We're early into a new year and many consumers have made resolutions to better manage their finances. So, how's that working out?
Gail Cunningham of the National Foundation for Credit Counseling (NFCC) says many of these well-intentioned resolutions have already fallen by the wayside because consumers lack a solid strategy for achieving their goals.
NFCC offers three simple steps consumers can easily implement that will put them on the road to financial stability:
Many are paralyzed by their situation, frozen in a state of financial anxiety. Others feel that they are in such deep financial trouble that there is no real help available. Some may fear that they'll reach out for help to the wrong organization, thus ending up worse off than when they began.
Failure to act only makes matters worse, as the problem isn't going to cure itself. Likewise, delaying action only makes the situation more difficult to resolve. Consumers owe it to themselves and their family to sit down with a Certified Credit Counselor at a legitimate nonprofit agency. These counselors are trained to do a thorough review of the situation and provide concrete solutions, ones that can mean the difference between financial failure and financial success.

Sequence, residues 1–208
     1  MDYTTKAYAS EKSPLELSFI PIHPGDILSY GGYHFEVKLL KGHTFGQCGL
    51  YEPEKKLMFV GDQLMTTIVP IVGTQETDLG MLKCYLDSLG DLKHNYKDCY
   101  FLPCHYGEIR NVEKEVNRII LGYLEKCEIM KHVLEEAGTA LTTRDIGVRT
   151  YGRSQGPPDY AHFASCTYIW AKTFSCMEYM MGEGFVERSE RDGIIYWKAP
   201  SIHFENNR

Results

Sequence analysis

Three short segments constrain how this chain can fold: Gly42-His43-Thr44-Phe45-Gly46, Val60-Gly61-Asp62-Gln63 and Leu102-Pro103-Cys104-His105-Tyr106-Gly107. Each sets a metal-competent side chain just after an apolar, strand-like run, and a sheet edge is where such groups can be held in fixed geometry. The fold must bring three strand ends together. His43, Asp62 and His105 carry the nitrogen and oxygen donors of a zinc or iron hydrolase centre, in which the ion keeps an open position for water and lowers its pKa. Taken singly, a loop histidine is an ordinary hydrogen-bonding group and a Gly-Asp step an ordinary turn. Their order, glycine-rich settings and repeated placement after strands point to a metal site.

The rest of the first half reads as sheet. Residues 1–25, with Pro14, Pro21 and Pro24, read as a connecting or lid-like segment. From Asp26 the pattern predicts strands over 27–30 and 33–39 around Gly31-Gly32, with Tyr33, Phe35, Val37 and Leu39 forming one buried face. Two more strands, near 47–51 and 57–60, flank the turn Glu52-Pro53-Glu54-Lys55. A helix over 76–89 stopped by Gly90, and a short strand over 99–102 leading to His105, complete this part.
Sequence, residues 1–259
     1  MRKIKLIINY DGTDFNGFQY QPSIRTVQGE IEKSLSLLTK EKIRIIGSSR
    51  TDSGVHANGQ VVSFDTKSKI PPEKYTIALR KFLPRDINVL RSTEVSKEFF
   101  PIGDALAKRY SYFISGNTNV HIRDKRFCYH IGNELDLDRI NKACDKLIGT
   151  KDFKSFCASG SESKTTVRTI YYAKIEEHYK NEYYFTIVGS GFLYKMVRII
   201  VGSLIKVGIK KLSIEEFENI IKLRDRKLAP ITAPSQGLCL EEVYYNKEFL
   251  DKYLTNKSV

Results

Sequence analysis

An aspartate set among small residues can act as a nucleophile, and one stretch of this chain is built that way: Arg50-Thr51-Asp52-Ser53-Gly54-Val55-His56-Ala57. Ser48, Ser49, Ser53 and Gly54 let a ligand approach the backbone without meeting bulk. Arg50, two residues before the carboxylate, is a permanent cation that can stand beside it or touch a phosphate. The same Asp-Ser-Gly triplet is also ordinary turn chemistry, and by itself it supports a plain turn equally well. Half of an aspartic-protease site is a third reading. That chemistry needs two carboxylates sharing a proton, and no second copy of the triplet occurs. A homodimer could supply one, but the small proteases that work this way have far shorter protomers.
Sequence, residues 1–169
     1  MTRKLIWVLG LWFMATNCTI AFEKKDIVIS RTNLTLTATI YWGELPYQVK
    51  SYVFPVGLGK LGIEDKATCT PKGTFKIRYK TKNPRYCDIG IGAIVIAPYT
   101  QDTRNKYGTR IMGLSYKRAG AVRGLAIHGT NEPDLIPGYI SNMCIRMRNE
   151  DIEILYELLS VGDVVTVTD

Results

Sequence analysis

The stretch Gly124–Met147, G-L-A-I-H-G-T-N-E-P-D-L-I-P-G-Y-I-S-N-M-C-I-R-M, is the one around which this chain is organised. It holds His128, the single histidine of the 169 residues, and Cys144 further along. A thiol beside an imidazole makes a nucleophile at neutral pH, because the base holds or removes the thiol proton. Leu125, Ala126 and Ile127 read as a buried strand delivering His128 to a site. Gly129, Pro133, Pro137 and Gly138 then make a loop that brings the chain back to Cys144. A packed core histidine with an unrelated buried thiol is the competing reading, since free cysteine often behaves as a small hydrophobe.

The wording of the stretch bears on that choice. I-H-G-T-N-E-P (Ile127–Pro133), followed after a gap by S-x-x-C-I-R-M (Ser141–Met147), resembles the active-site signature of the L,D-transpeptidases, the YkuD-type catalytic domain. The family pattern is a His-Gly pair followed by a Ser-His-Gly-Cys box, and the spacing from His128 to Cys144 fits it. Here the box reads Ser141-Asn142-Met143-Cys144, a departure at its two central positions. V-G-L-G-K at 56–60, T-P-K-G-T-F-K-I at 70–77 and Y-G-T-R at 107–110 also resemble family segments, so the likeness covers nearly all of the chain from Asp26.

Make technology your friend by signing up for direct deposit, automatic bill paying and online banking. You can avoid ever having a late fee by arranging credit card payments to be sent automatically before the statement due date each month, making sure the payment amount equals at least the minimum amount due.
You can always circle back and pay the balance in full, but knowing the bill has been paid on time brings you peace of mind and avoids negative dings on your credit report and score. Direct deposit helps to avoid the long lines at the bank on payday, as well as providing a degree of safety since the paycheck can't be stolen from an unattended mailbox. Further, the surest way to save is to have money automatically deposited into a savings account before you ever see it.
People are well-intentioned justifiers. Financial accountability starts with financial honesty. If you find that you have more excuses than money in the bank, enlist the support of an accountability partner. Make sure this person is someone you're comfortable revealing your financial dirty laundry to, is someone you respect enough to follow their advice, and is strong enough to speak the truth to you.
It may be tempting to pick someone who is in the same financial shape as you, but that type of relationship often ends up being a two-person pity party. Instead, find someone who is a responsible money manager and is willing to share those skills with you.
"Know that small steps can equal big rewards," said Cunningham. "The process starts with a person resolving to take charge of his or her financial future. After that, it's a matter of executing the plan."